London has seen a lot. London has survived a lot. I saw some quote yesterday about how this old battle scarred city shrugs and moves on. But we’re fragile. Those of us who live and love and dream and hate in this city, we’re fragile.

I’m fragile.

I’ve seen the aftermath of terror attacks in two cities I love, in two cities I’ve called home, in the space of about a week. I’ve seen fear and resilience and strength and shock. I hid my face from the sweeping broadcast cameras at the vigil in Manchester, because journalists shouldn’t cry.

This is real. This is happening. This keeps happening. This white hot madness, like a pinched nerve running through society. Why does it keep happening?

I was at Borough Market on Saturday afternoon. I bought a coffee from one of the stallholders and then I got a train from London Bridge. A normal day.

A friend of mine left Borough Market a couple of minutes before the attack. A normal evening. Shattered.

Perhaps the people who look back at this time will find a narrative. We only catch glimpses of it, rushing forward and looking out at these events as they blur. In the future some sense might be made and some answers might be found. Until then we’re stuck with the blur and with our feelings.

This is what I thought yesterday. If we don’t take care of our societies they will break. If we don’t figure out what our values are and then stand up for them, what we have will crumble. If we’re not compassionate we engender hate. And if we don’t have honest conversations about fear and anger and who to blame for all kinds of horrors those feelings will crawl out like beasts from the most spiteful corners of our societies.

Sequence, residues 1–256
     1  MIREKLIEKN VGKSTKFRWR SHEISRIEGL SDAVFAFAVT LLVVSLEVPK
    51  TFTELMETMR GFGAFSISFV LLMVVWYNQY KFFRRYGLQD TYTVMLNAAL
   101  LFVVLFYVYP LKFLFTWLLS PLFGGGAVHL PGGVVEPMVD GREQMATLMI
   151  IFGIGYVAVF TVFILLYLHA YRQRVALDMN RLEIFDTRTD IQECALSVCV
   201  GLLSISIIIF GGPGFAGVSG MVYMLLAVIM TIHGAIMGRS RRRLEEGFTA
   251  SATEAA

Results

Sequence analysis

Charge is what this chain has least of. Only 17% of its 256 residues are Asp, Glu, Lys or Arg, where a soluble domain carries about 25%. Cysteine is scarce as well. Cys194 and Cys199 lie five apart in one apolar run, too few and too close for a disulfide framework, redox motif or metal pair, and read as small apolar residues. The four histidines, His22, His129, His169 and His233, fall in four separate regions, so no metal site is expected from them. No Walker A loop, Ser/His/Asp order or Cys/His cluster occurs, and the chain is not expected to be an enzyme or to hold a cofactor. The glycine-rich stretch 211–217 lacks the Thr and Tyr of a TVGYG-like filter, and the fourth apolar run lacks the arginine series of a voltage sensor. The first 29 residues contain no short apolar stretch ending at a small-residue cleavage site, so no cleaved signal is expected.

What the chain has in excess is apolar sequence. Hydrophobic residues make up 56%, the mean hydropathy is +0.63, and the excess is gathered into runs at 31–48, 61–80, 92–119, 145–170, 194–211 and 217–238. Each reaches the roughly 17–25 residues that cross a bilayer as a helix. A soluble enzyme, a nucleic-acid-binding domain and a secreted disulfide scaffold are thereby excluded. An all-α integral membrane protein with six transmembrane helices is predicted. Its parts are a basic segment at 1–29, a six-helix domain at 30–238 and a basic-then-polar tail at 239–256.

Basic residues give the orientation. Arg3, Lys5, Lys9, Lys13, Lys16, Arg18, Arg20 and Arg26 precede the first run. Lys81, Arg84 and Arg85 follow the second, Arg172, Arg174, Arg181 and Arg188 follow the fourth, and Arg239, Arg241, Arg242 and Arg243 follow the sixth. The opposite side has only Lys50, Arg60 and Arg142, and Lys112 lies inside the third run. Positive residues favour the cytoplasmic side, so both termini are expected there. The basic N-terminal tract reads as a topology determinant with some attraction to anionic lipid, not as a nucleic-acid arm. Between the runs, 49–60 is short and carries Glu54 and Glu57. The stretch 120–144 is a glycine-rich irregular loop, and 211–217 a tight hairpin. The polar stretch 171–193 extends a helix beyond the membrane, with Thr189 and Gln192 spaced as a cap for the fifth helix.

I wish I could have offered my sadness to the river. I wish she would have washed it all away. But she’s seen it before, she doesn’t care. It’s up to those of us who live along her shores to do that work for her.

Some thoughts about leaving the city and moving to the suburbs

In November Gerry and I moved from north London to the south east. We left an apartment nestled between a busy train line and one of the main arteries funnelling cars into the city from the north. We moved to a house in the suburbs.